Media hype on rickshaw childbirth – by Dr Muhammad Awais Khalil

In the last few days, we have witnessed an extraordinary media hype against President Zardari because of a childbirth in an auto-rickshaw in Quetta. Apparently it seems that a traffic mismanagement during President Zardari’s visit to Quetta lead to this isolated incident.

The right wing media has, however, used this opportunity for Zardari bashing as usual. This incident has been reported as an ultimate evidence of lack of governance of the PPP’s government, and so on.

To put things in perspective, here are some statistics from a developed country, i.e. UK. Here is an an article in Daily Mail which tell us how many babies are born out of maternity wards. Latest figures show that over the past two years there were at least:

  • 63 births in ambulances and 608 in transit to hospitals;
  • 117 births in A&E departments, four in minor injury units and two in medical assessment areas;
  • 115 births on other hospital wards and 36 in other unspecified areas including corridors;
  • 399 in parts of maternity units other than labour beds, including postnatal and antenatal wards and reception areas.

Source: Daily Mail, UK

These statistics suggest that its not abnormal to have baby born out of hospital but Geo TV (Kamran Khan) and Jang group want to bash Zardari at any cost, even at the cost of objectivity and truth.

Our fellow bloggers at Pakistan Media Watch have written an excellent article on this topic, which is being reproduced below:

I have been hesitant to say anything about the recent incident of the unfortunate mother who gave birth in an autorickshaw in Quetta, but the way that this has been covered by the media needs a response. The incident, as I’m sure you know, occurred when roads were blocked for a Presidential visit.

It was an unfortunate circumstance, and one that deserves discussion about how to prevent it in the future. But instead of talking about the obvious need to expand the availability of medial care, to improve access to doctors in cities and villages, to develop emergency protocols for medical emergencies — the media has focused its blame on the President. You can almost see the media shaking their heads and saying to each other in their comfortable drawing rooms, “Who does Zardari think he is? President!?!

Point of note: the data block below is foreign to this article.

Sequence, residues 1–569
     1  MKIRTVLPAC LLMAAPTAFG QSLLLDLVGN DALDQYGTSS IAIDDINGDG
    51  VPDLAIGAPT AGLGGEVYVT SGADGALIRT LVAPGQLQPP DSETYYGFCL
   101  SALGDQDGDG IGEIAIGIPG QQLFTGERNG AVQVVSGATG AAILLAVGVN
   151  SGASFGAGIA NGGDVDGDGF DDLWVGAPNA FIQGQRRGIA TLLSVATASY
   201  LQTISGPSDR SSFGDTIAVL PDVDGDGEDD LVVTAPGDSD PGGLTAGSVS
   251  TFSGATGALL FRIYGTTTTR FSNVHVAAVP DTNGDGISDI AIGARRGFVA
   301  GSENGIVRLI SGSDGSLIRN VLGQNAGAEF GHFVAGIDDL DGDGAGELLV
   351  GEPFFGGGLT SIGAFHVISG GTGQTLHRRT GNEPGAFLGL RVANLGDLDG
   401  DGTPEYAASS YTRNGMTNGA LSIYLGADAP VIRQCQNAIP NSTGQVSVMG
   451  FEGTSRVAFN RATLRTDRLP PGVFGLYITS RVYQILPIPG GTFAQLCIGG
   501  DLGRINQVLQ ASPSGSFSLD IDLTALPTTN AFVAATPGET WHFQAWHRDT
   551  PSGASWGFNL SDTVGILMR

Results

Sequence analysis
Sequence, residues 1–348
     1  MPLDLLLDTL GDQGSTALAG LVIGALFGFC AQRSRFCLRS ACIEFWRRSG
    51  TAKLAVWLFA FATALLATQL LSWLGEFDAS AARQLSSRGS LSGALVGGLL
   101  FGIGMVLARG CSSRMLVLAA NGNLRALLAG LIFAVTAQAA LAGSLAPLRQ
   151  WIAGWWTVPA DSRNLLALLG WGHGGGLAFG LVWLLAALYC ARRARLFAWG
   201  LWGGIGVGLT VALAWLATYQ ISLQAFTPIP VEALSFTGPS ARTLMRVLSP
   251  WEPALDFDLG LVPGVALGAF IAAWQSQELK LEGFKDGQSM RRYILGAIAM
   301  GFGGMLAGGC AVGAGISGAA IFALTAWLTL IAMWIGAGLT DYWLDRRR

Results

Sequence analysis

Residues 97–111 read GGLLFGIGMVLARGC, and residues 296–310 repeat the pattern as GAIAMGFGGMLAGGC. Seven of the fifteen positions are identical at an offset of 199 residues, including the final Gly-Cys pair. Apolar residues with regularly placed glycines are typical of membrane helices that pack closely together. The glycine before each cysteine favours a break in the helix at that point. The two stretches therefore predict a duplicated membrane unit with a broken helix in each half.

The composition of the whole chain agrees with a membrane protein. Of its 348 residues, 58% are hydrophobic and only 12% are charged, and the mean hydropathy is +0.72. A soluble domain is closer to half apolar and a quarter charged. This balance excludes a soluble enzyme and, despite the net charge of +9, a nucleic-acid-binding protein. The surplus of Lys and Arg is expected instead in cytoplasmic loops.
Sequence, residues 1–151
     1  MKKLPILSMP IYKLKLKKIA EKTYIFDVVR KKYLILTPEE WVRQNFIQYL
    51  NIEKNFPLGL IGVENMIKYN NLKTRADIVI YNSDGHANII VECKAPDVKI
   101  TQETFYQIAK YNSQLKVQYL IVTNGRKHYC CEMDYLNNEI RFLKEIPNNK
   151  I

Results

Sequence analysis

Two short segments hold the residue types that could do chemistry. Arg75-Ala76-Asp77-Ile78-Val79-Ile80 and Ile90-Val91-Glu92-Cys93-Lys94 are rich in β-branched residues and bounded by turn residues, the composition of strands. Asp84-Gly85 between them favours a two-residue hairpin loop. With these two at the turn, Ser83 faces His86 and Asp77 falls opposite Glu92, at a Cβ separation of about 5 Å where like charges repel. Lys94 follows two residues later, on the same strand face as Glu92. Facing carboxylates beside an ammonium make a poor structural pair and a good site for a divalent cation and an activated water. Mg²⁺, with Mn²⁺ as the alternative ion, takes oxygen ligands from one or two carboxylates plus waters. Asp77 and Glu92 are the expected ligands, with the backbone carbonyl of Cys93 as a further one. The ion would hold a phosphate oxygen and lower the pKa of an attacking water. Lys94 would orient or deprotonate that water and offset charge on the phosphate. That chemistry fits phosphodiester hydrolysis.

The most ridiculous comment came from The News editorial on Monday in which the editorialists wrote:

    “Roads are blocked across the country every day as anybody imagining themselves to be sufficiently important from the president down demand that they be shown ‘protocol’ and the way cleared before them.”

Yes, obviously there are too many self-appointed VVIP’s in this country who expect to be treated like the President. But the President is the President. Obviously having these protocols to block roads for Presidential travel is an inconvenience. But it is not a protocol that was created out of some self-importance or ego. How many of our leaders have to be assassinated before we realize that we have to clear roads to protect their safety? What countries do not allow for such protocols when national leaders are traveling?

It is unfortunate because the vast majority of the media coverage has been dedicated to clucking of tongues and reporting of the President apologizing instead of looking at ways to improve transportation, access to emergency services, and medical care. The media could have served a useful role in facilitating a discussion of how to improve these things in the country. Instead, they chose to once again take the opportunity for petty political attacks. Very disappointing.



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